The Kimberley is nearly twice the size of Victoria, which means going there without a guide of some sort probably means missing the best of it. It’s also one of Australia’s most sparsely populated and visited regions – only half the people that go to the Top End go to the Kimberley, and something like 3 per cent of those who go to tropical north Queensland. So far away from all of Australia’s population centres, it’s still wild and remote and massive.
Which is what’s so great about the new book, 100 Things To See In The Kimberley, written by local tour-guide Scotty Connell. Scotty actually runs the Instagram account, @thekimberleyaustralia and owns Kimberley Spirit Tours, so spends most of his time, work or play, camping and exploring the region.
The book is interesting – many books about the Kimberley are coffee-table quality, often taking on a poetic reverence to the area, while others are just focussed on camping or 4WDing through the region. Not 100 Things – for startes it’s only A5 in size, 180 pages long and easily fits in a glovebox or backpack. And as far as I can tell, it doesn’t tell much about places to stay or roads to drive on. Its sole focus is on awesome places to see and great things to do. There’s even space in it for the user to make their own notes.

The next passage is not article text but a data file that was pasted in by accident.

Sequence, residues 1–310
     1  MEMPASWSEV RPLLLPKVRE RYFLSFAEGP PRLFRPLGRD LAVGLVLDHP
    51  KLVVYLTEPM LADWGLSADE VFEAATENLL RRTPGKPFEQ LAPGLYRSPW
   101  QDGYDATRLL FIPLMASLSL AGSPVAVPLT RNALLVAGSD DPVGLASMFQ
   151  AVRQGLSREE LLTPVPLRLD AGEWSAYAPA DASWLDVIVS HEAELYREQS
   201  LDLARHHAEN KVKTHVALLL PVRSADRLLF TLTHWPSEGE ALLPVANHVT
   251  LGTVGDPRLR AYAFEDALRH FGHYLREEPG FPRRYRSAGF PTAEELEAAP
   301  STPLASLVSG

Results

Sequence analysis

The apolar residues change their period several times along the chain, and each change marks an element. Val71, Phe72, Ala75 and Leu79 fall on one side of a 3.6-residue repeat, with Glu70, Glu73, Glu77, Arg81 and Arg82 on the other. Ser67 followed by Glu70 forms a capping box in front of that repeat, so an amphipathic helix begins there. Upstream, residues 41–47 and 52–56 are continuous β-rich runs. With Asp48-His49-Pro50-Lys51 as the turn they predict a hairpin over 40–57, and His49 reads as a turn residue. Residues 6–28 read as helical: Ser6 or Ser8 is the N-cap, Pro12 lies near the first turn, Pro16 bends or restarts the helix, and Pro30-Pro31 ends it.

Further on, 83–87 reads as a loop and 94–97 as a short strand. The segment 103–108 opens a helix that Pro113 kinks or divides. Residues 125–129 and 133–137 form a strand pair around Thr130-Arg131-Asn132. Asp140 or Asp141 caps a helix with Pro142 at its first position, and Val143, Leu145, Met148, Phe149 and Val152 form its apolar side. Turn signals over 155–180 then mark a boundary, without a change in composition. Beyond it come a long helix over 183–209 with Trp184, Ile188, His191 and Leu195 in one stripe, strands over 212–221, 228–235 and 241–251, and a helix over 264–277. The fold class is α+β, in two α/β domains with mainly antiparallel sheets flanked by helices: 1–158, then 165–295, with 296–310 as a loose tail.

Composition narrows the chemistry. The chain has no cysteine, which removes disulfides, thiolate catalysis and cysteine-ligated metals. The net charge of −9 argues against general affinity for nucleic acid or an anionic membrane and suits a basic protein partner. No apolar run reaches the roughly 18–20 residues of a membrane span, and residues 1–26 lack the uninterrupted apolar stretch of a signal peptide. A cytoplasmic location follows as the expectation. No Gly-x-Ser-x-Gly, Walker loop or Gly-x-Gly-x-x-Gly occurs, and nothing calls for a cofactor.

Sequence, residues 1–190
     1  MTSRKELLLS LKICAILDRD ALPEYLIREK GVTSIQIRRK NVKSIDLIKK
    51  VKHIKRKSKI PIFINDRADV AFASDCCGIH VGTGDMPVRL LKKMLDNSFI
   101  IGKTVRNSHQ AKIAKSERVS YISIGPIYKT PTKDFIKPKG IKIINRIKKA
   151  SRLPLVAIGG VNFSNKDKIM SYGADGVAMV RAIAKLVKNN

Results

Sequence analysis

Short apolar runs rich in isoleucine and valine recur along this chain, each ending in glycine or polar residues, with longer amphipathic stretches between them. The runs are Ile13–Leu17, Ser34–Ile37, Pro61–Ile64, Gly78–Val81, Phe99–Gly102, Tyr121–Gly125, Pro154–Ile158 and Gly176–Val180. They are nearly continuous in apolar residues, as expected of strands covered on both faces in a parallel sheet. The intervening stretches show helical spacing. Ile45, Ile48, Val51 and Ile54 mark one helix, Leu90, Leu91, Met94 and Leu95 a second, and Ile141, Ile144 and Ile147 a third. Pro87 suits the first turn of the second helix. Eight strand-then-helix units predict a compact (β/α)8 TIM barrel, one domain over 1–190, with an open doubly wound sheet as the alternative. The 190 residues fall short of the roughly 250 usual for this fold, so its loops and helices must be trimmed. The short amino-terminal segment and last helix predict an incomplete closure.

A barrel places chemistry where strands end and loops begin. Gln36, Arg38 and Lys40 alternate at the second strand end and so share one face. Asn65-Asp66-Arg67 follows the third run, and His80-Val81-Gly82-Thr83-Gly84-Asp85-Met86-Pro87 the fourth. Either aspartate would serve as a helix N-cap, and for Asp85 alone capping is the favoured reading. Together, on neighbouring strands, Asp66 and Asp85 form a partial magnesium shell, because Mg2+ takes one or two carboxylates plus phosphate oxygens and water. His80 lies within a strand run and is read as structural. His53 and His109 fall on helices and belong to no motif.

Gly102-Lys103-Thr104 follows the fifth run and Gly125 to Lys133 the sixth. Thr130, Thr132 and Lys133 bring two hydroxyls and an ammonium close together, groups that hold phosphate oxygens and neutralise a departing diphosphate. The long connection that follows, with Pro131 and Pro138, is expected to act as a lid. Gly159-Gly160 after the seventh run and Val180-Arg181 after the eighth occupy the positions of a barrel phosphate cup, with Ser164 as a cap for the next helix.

Each of the 100 places are easy to digest. Each of them includes a dreamy picture or two, plus background on the location, what to expect and why you should come and see it. There’s insight into when you should visit each spot too, which is sometimes as broad as the season, other times as specific as a time of day. It’s informative, easy to digest information, but it’s set out so simply.
It covers every region of the Kimberley, too. There’s chapters on Broome and the Dampier Peninsula, the Gibb River Road and the Great Northern Highway. It’ll help you explore Kununurra and even the remote Kimberley coastline, which is generally only accessible by boats big enough to sleep on. We often see so much about the Kimberley that it’s easy to think we know everything about it, but there’s tonnes of places in the book I’d never heard of before reading it.
If you are going to the Kimberley, or planning a trip through, this seems like it will be an incredibly valuable guide. Sure it doesn’t cover much on camping or driving, but I think that’s on purpose – that information is becoming increasingly easy to find, and the topic is covered exceptionally well anyway. 100 Things To See In The Kimberley adds a local’s advice to the region, showing you what to do that isn’t sleeping or driving, because neither of those things are the reason you go to the Kimberley.
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